Art speaks to me or it doesn’t. My tastes are not sophisticated, informed or educated. When I see a painting or piece of art that uplifts me or makes me feel happy, I like it. It’s that simple. Which is why I don’t like winter scenes, paintings of crowded city streets on rainy days or industrial landscapes. I’ll never appreciate abstract art because I just don’t get it.
Canadian primitive folk artist Maud Lewis’s paintings make me smile, fill my heart and give me hope, so naturally, I love her work. Everyone’s personal taste in art is highly subjective; we instinctively know what we like and what we do not like. And since I can’t afford to own her original work, I’m happy to purchase several calendars each year that feature her art, for myself and for gifting to friends.
The McMichael Gallery in Kleinburg north of Toronto is most famous for its Canadian Group of Seven artists but regularly features other artists worth going to see. From now until the end of the year, the work of Maud Lewis is on exhibit and I absolutely could not miss the opportunity to see so many of her original paintings on display. For anyone who is not familiar with Maud Lewis, then I highly recommend seeing the 2016 movie about her life, “Maudie” starring Ethan Hawke as her husband, Everett, and Sally Hawkins as Maud. It’s accurate and wonderful to watch.
Born in 1903, Maud Lewis was crippled by rheumatoid arthritis from a young age. When she was no longer able to live with her aunt and forced to go out into the world and fend for herself as a young woman, she applied for a job as a housekeeper for Everett Lewis, a bachelor who lived in rural Digby, Nova Scotia. To her shock and dismay, his home was a tiny 100 sq. ft. rural cabin without running water, electricity or plumbing. They eventually married but Maud’s life was never easy. She passed away from pneumonia in 1970. After Everett died, their cabin was dismantled and reinstalled inside the Art Gallery of Nova Scotia in Halifax. When I visited it in the 1980s, I was struck by how small it was. Despite this, her love of painting was evident on the walls, trim and front door.
Bloom where you’re planted
Despite the hardships, she blossomed when she picked up a paintbrush and started decorating the walls, furniture, and the door of their tiny cabin. Soon, she was painting cards, scraps of wood and old boards and selling her paintings for anywhere from fifty cents to two dollars. Word of Maud’s beautiful paintings spread and her popularity grew but during her lifetime, she never enjoyed commercial or economic success, despite famous people like Richard Nixon owning her work.
Maud’s paintings of life in rural Nova Scotia were done in strong primary colours and always featured happy, optimistic scenes. She painted local life, often employing artistic license to enhance the joyfulness. Evergreen trees were adorned with blossoms, oxen had happy faces, cats were the picture of beauty and contentment and the people in her paintings were always depicted in happy activities. It’s as if she were living a parallel life through her paintings. She’s the literal personification of the expression “Bloom where you’re planted”.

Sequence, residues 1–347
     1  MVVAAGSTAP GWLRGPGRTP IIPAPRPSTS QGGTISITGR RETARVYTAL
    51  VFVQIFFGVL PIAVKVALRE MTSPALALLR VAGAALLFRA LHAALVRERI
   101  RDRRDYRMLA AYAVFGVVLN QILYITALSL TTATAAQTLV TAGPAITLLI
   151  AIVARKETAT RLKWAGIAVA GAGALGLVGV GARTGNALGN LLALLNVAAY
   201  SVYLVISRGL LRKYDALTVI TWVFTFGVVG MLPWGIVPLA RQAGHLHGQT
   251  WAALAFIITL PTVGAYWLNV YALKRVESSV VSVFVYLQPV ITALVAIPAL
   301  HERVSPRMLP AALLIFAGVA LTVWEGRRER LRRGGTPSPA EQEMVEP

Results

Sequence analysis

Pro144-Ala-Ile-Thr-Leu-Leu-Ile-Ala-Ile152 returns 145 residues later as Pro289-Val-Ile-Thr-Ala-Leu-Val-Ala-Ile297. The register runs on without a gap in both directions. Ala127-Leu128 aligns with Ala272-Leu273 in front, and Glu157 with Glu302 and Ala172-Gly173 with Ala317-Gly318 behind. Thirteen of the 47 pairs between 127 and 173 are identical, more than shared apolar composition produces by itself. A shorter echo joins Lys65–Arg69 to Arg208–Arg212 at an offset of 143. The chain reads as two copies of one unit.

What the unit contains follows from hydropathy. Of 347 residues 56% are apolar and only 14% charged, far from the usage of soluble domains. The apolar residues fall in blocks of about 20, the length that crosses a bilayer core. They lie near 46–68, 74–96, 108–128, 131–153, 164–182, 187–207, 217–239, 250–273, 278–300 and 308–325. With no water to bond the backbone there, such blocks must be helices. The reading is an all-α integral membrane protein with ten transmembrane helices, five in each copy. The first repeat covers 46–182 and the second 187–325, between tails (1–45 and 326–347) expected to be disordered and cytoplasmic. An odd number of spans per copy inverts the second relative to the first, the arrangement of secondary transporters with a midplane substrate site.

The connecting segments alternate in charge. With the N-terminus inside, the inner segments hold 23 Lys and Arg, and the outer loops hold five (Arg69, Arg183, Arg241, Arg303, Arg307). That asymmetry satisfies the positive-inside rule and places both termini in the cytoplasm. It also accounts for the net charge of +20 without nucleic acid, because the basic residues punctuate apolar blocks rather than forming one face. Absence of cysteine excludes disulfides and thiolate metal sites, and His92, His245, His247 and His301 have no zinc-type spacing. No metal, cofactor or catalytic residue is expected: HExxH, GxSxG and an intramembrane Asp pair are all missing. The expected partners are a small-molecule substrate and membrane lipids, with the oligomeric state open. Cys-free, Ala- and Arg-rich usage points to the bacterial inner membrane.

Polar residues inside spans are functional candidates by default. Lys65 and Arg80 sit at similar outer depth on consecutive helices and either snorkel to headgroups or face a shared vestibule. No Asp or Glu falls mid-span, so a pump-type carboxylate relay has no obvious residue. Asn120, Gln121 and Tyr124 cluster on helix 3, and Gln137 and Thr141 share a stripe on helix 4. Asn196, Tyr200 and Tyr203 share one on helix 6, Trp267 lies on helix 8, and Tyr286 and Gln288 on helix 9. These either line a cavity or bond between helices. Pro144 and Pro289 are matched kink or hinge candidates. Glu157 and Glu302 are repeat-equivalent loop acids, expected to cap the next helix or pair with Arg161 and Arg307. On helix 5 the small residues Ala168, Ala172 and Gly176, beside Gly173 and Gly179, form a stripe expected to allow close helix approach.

When my gal pals and I visited the McMichael Gallery we were blown away as soon as we approached the gate which featured a huge reproduction of one her of happy paintings of white cats. The gallery is located in many acres of natural beauty, wooded pathways and ravines surrounding log structures housing the galleries. It’s a bounty of beauty from beginning to end. The Maud Lewis show itself included more than one hundred pieces, far more than I anticipated. Many came from private collections that had been generously loaned for the exhibition.
We spent an amazing afternoon walking through the gallery enjoying not only the work of Maud Lewis but others as well. There was a concurrent show of beautiful Inuit textile art by Janet Nungnik depicting life in Canada’s north. Many of my friends are crafters and artists so we always enjoy seeing what other people create. The last show at the McMichael that I saw featured Quebec artist Marc Aurele Fortin. His depictions of rural scenes with giant elm trees touch me to my core.
If you’ve never been to the McMichael Gallery, I strongly suggest you do so and if you’re a fan of Maud Lewis, now is the perfect opportunity. You still have five months to see this particular exhibit and prepare to be delighted. I guarantee as you leave through the winding road through the woods, you will have a smile on your face and happiness in your heart.
If you can’t make it, be sure to take advantage of the books available. They’d make a wonderful gift for yourself or a friend.
Disclosure: If you order a copy of either of these books from Amazon, you will receive Amazon’s best price and I may receive a teeny, tiny commission. Thank you.